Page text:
It’s kind of a confusing mess. And a largely unnecessary one.

Personally, the artifacts in my Strange campaign follow the same basic paradigm as in Numenera: They’re based on the same principles as cyphers except they can be used multiple times. (Which, in The Strange, means that they’re manifestations of the Strange itself.)

There’s also other equipment which happens to use the depletion roll mechanic. (Magic wands, for example. Or strange creations of mad science on a superhero recursion.) In many recursions, there’s also technology/magic that can duplicate the function of any number of cyphers… but they’re not actually cyphers. (Just like your Earth-made pistol, they can’t translate and they can function oddly if taken through an inapposite gate.)

If you basically do the same thing, then the seventy or so pages of “Artifacts” in the Encyclopedia can be a really great resources, albeit with a somewhat chaotic arrangement.

The Encyclopedia is rounded out with a half dozen pages describing the creation of personal recursions. Basically you expend a cypher 2 and XP and you create a little pocket dimension for yourself. The concept is interesting, but, much like the rules for genesis quests and creating recursions in the core rulebook, I feel that it’s an idea which really demands more care and attention than it has so far been given in any of the published resources.

Style: 4
Substance: 3

Author: Bruce R. Cordell
Publisher: Monte Cook Games
Print Cost: $39.99
PDF Cost: $14.99
Page Count: 160

Encyclopedia of Impossible Things - Monte Cook Games

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8 Responses to “Review: The Strange Supplements”

  1. Gamosopher says:

    Thanks for the review. I never comment on them, but always love reading them and always find them useful and illuminating.

    I think I spotted a minor typo, a missing “not” that ironically muddles your explanation of how the concept of “artifact” is a muddle in The Strange. 😉

    “And this sort of thing gets even weirder because the Encyclopedia deepens the muddle by realizing that technology which is rare (and therefore an ‘artifact’) in one recursion may be really common in another recursion (and would therefore ***not*** be an ‘artifact’ there).”

  2. norith says:

    If the PDFs are bought through, they use an export process that compresses embedded images. That might one of the reasons why the artwork is so pixelated…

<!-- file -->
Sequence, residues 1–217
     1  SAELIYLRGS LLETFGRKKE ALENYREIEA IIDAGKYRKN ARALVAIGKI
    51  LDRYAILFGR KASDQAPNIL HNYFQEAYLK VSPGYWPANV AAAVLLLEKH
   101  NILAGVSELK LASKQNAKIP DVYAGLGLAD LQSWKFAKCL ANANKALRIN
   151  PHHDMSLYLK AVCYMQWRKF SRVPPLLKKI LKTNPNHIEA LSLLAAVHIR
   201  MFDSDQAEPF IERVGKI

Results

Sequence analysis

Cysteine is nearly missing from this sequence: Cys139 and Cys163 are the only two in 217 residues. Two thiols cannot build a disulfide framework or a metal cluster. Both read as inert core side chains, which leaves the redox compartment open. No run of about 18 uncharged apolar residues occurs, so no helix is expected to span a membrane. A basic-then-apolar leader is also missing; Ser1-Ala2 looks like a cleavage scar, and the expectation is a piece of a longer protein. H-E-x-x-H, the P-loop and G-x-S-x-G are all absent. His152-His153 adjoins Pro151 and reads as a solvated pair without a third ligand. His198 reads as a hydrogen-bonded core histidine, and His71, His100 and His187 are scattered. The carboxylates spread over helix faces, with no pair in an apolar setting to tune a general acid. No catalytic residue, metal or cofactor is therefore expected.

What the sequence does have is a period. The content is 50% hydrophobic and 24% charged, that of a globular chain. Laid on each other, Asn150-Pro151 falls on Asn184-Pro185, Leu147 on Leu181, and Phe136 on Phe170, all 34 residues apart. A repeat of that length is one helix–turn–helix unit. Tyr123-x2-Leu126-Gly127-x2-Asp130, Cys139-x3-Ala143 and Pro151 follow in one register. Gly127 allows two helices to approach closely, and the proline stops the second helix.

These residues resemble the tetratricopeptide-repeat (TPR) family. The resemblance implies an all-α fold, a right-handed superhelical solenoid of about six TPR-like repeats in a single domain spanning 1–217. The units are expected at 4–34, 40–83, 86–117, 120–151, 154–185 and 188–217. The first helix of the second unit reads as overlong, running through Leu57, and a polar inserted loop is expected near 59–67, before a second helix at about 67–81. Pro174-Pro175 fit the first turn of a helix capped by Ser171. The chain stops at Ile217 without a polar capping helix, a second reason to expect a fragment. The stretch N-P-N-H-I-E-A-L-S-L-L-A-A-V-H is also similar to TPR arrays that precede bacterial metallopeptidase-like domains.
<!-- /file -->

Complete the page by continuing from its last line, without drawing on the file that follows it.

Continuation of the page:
3. Justin Alexander says:

    @Gamosopher: Fixed! Thanks!

    @norith: That seems crazy and I’ve never heard of Drivethru doing that before. (Maybe it’s only for watermarked PDFs?) But I’ve just double-checked and confirmed the extreme pixelation is also present in files downloaded directly from MCG.

  4. Wyvern says:

    I got the PDF collection by backing the Kickstarter, and IIRC the way the KS rewards were distributed was via coupon codes for use on RPGNow/Drivethru. I prefer to get my games that way anyhow, because I don’t like having to create a bunch of different store accounts (which I may only use once) in order to buy direct from the publisher. But I would be pretty put out if the PDFs from RPGNow were of a lower quality; glad to hear that’s not the case.

  5. RobC says:

    The Ptolus PDFs I got a couple of years ago through a Bundle of Holding deal are the same way. They are heavily pixelated. Good enough for screen viewing, as far as the artwork goes. The small map sections that are included in various places of the book, though, can get pixelated enough that the key is very hard to read.

  6. Justin Alexander says:

    For those thinking, “How bad could it really be?” This is an example of what the map of Ardeyn looks like in the PDF of the core rulebook:

  7. Wyvern says:

    Not that this is any excuse for the poor quality, but… Given that the image you posted is blown up to 400%, I have to wonder whether those labels are large enough to read even in the printed rulebook.

  8. Justin Alexander says:

    The labels are small, but I can read them without difficulty in the printed book. They labels are Mt. Merid, Grieving Vortex, and Moon Door.

    Like I say, this is also a company-wide problem. They actually sell PDFs of cards, for example, that are literally just the cut sheets: They have no utility except to be printed out and cut apart. And in those, too, they compress the graphics into pixelated messes. (And when I got one through DriveThruRPG, it included a watermark across the graphics.)